Phil Mastro

    Nov 18, 2004
    Montréal
    If I can recall correctly, Steve Swallow's bass has a spruce neck,
    with a bunch of graphite in it. That would probably make a really
    light neck.
     
  10. Marcus Willett

    Marcus Willett Supporting Member

    Feb 8, 2005
    Palm Bay, FL
    Endorsing Artist: Bag End - Dean Markley - Thunderfunk
    I like narrow necks. One fir neck has a nut width of 1.65" (yes, a 5 string), the other 1.7". In both cases, 2.7" at the 22nd fret. 17mm spacing at the bridge.

    Neither neck is very thick. The second one (maple FB) has graphite rods, but the first (rosewood FB) does not. I've had them both about 4 years now, getting play almost every day. Never had any problems.

    Best way I can think to describe the sound is that they have more of an "acoustic-y" elasticity to the sound. Pretty tight and defined, both 34" scale. The rosewood neck is a bit more even sounding, and it also has threaded inserts for bolting on the body. The maple does not. I'm unsure what if any difference that makes tho.
     
  11. Suburban

    Suburban

    Jan 15, 2001
    lower mid Sweden
    Nordstrand made one out of spruce...

    If you can live with a rather rectangular neck profile, you can laminate a thin slice (3mm) of glass birch or rock maple on each side of a spruce block, say 10mm thick. Eh, you need to laminate parallel to the fingerboard, obviously. :smug:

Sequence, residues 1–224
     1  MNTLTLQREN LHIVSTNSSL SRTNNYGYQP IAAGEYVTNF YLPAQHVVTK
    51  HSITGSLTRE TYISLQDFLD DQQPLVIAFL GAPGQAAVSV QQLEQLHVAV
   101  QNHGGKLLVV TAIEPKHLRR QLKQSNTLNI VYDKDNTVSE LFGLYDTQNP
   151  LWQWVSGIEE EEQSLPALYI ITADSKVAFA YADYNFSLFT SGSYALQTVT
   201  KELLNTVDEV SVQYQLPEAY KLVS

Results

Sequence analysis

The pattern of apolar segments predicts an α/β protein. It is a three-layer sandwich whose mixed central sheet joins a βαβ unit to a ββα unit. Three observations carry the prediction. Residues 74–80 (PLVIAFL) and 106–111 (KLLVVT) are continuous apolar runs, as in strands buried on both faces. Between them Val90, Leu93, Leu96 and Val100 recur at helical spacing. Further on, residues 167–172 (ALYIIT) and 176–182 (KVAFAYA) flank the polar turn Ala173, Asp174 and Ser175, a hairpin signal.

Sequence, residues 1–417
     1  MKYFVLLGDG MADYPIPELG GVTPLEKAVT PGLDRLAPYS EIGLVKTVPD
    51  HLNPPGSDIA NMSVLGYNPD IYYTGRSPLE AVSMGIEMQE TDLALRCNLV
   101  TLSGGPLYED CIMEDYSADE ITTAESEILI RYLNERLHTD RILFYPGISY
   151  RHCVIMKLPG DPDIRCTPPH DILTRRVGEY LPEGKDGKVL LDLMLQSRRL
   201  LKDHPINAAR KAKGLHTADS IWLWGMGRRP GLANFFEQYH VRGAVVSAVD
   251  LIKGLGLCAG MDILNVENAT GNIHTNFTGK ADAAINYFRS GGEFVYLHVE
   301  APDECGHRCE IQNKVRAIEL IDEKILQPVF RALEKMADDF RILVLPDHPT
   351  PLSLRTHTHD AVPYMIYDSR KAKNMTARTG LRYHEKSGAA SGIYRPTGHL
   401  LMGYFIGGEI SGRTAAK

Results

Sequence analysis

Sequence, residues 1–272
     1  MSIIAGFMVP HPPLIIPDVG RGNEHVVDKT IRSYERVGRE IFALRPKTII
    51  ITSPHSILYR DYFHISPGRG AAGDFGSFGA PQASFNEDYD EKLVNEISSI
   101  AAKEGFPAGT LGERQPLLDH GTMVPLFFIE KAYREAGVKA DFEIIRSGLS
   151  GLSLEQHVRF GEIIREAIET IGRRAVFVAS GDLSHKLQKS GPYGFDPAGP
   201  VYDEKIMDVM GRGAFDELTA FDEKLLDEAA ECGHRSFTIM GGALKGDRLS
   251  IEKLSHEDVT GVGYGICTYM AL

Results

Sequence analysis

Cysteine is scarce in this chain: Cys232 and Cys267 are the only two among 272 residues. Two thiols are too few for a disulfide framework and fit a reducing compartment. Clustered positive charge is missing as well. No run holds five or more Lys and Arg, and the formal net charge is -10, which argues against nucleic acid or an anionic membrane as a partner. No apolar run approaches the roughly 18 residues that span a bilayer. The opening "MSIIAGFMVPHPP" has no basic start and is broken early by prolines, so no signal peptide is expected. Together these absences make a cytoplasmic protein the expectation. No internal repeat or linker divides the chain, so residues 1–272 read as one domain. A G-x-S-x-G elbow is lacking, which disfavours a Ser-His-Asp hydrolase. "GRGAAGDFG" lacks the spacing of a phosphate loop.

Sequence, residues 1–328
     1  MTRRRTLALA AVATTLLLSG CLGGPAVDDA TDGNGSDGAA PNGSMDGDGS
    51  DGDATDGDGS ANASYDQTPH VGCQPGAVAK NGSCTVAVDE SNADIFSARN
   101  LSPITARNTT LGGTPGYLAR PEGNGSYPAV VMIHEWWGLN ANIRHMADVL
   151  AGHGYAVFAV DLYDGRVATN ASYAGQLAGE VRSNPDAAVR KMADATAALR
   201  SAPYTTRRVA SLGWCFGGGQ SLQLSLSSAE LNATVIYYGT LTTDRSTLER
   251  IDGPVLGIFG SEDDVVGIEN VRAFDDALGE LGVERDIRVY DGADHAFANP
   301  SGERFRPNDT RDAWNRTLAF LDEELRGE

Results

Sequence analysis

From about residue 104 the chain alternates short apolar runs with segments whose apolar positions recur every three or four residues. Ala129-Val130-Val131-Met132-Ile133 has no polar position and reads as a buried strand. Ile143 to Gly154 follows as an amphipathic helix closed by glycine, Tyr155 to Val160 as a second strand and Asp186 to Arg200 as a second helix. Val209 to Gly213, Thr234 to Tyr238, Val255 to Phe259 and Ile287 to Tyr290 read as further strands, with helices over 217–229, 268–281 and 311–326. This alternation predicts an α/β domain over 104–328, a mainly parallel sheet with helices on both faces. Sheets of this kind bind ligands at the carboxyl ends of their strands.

That will give you a neck that is a little bit stiffer than any of the materials, and a lot lighter than the stiff materials.

    But the most important ting to remember, is to balance the instrument, which can easily be done with a heavy neck, as well. Though I recommend a combination... :meh:
     
  12. parttimeluthier

    parttimeluthier

    May 7, 2005
    Another wood that you may want to consider is Yellow Poplar; sometimes called Tuliptree Poplar. This is the "Poplar" that is usually sold at hardwood lumber stores and places like home Depot etc. There is a softer true Poplar which is a close relative to Aspens and Cottonwoods but most of what is sold today is Yellow Poplar.
    It is Light and easy to work with enough stiffness to use in a neck.
    This wood was used in many Danelectro and Silvertone necks of the late 50's to mid 60's. The recient Danelectro reissue guitars used maple necks but the originals were Poplar.
    I laminated three pieces of poplar into a neck blank and am waiting to use it for a future bass project. I feel using a laminated strip neck it will remain nice and stable while still being really light.
    The advantage of this wood over Conifers like Doug Fir or Spruce is it has a much smoother grain which will make for a fast feeling neck especially if you are using an oil type finish vs. poly or lacquer.
    Well just another option hope it helps.
     
  13. FBB Custom

    FBB Custom TalkBass Pro Commercial User

    Jan 26, 2002
    Maryland
    Owner: FBB Bass Works